153 views

How many chemical species are on average in a typical plant and animal cell?

I want to know what sort of range there is on the number of different chemical species in a typical plant and animal cell. Failing that, some specific examples (with sources please). Thanks
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2answers
824 views

How many centrioles/basal bodies are there in multi-ciliated cells throughout the cell cycle?

I thought there were only two centrioles per cell, that convert to the basal body at some point during the cell cycle. I also thought there's one basal body per cilium, so I'm not clear on where the ...
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1answer
14k views

Which of the cell types commonly found in mammals has the greatest number of mitochondria?

This is basically a fun question, inspired by this answer on scifi.se. So, which cell type will have the greatest number of mitochondria? Obviously, I am talking about wild type, healthy individuals ...
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2answers
177 views

Referencing the homologous chromosomes

There exist a co-ordinate system from chromosomes like "12p11.3". In this system, first integer range from 1 to 23 i.e it takes homologous chromosomes as a pair. If we want to distinguish among ...
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2answers
93 views

Connection between genes and pathways

I am reading about a paper about inferencing pathway information in cancer cells. Authors refer to ERBB2 as a gene and a pathway. I don't have solid biology background. What exactly means when we ...
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1answer
2k views

How does human body deal with inert solid material in the bloodstream?

How does human body deal with inert solid material in the bloodstream? For example, if there is a powder of glass injected into our bloodstream, will the white blood cells do anything or will kidney ...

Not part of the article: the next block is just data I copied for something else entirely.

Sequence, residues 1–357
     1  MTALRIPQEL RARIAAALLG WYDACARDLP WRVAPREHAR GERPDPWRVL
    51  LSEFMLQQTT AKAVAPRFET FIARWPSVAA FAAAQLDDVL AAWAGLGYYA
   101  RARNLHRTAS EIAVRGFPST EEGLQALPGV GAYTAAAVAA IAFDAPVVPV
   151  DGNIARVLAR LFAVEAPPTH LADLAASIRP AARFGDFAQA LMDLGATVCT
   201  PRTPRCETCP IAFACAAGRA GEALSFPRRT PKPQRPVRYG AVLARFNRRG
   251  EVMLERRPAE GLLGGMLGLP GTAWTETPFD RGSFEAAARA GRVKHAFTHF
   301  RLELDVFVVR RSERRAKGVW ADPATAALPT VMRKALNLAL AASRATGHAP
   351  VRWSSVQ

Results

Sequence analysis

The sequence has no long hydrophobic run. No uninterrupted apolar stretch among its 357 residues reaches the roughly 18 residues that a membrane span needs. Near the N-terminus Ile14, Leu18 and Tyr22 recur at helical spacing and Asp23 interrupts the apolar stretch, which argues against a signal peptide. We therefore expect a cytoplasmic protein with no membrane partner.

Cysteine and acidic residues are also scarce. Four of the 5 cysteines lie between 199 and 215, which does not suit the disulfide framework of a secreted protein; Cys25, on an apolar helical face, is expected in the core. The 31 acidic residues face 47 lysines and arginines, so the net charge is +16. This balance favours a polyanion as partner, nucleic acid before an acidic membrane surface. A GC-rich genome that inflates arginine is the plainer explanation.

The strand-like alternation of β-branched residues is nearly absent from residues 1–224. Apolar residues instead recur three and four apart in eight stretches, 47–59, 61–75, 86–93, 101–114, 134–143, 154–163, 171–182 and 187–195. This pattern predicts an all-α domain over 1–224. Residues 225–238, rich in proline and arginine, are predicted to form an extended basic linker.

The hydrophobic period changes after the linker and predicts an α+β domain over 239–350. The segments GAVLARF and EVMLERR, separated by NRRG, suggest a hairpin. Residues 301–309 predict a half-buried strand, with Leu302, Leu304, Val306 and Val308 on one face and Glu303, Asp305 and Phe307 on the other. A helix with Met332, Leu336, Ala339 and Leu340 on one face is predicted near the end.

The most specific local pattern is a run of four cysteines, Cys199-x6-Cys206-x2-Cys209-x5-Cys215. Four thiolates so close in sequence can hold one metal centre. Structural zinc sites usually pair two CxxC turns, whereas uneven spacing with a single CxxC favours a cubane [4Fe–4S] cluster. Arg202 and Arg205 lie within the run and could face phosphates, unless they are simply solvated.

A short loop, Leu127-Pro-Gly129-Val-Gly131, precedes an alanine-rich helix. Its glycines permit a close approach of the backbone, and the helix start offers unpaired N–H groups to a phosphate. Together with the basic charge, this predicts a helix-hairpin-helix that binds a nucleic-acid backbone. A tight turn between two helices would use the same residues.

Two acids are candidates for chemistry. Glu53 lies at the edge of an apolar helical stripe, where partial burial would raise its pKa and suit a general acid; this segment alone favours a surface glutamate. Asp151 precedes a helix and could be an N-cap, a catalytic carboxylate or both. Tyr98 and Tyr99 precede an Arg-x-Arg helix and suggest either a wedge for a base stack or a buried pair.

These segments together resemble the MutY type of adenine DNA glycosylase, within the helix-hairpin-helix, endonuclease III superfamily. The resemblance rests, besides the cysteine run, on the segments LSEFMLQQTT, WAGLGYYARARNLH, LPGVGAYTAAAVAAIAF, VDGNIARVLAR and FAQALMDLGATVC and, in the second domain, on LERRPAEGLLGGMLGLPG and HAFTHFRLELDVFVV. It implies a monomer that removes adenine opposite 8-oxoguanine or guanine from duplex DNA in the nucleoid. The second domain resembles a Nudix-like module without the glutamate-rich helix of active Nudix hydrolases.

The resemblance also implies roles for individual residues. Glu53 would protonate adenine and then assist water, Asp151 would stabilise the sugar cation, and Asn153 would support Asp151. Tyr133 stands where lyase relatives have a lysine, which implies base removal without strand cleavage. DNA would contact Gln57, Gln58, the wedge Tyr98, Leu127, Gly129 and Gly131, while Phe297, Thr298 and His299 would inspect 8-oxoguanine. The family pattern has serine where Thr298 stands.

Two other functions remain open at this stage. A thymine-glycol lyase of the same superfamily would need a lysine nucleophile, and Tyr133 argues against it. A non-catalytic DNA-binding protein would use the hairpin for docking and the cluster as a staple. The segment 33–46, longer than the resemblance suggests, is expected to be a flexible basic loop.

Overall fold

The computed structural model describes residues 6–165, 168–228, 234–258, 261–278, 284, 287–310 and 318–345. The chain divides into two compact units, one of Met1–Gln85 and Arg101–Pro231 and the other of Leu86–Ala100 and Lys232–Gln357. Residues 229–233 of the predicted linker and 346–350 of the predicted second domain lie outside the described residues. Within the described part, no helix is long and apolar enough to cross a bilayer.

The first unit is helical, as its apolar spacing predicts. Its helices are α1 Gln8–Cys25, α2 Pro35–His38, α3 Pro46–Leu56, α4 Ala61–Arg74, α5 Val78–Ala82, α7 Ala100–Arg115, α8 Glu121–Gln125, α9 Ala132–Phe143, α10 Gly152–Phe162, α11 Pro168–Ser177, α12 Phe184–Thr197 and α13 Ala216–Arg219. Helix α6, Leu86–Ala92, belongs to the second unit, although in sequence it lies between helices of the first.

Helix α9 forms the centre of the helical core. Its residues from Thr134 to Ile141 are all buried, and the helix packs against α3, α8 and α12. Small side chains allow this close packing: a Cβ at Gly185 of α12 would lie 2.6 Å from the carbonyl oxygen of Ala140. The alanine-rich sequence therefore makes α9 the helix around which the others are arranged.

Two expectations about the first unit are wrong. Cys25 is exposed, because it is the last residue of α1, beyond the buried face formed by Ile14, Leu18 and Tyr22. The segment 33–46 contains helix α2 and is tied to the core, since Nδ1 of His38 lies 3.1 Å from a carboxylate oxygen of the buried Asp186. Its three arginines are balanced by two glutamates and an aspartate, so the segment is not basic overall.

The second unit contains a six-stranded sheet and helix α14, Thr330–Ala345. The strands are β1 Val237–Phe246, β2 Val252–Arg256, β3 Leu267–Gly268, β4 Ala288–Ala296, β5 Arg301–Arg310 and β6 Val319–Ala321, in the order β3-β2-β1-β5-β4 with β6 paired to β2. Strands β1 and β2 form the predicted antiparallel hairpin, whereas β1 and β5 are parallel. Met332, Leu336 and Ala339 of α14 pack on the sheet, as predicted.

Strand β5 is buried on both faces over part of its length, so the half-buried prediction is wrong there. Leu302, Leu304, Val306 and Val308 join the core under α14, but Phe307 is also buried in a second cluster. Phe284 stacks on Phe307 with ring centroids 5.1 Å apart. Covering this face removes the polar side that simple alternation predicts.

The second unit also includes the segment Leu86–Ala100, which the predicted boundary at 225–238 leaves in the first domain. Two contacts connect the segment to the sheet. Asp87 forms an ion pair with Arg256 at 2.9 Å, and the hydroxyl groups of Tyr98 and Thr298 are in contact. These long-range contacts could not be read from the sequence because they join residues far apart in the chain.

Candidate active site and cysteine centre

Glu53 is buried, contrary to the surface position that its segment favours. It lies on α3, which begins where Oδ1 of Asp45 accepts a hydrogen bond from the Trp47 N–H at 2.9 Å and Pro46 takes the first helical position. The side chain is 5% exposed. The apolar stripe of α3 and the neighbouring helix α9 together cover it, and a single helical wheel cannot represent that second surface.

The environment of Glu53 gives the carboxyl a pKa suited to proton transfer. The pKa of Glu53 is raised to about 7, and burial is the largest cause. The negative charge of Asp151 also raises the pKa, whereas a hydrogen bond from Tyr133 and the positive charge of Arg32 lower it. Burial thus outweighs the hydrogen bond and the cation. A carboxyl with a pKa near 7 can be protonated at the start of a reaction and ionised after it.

9
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1answer
498 views

What are the lifetimes of cellular components on organelle or molecular level?

I was thinking that even though I know how generally the cell works, I don't really have a feeling of how volatile it is. I want to know what is the lifetime/turnover rate of different constituents of ...
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1answer
2k views

The Origin of Mitochondria

For a long time I've just accepted, because it is just what everyone told me, that mitochondria became organelles in the cell when they were "engulfed" by another cell which acted like it's host. This ...
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3answers
2k views

Aerobic vs anaerobic respiration comparison

The following graphs compare glucose decomposition in yeasts (in anaerobic vs aerobic conditions respectively) My question is, why doesn't the first one look like a straight line as the second one ...
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2answers
617 views

What is the smallest oligocelluar organism?

What is the smallest oligocelluar organism? How many cells does it have? EDIT The question is motivated by this comment@Philosophy.SE EDIT as recommended in comments I'm looking for an example of ...
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2answers
2k views

How do detergents get in hydrophobic membrane interior?

According to Molecular And Cellular Biology (Stephen L. Wolfe), Membranes disperse almost instantaneously if exposed to a nonpolar environment or to detergents, which are amphipathic molecules that ...
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1answer
291 views

What is a phospho-protein binding domain?

Is this just a domain that binds proteins that have been phosphorylated? And it mediates signalling between an activated/phosphorylated protein? How is this significant with BRCA1?
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4answers
9k views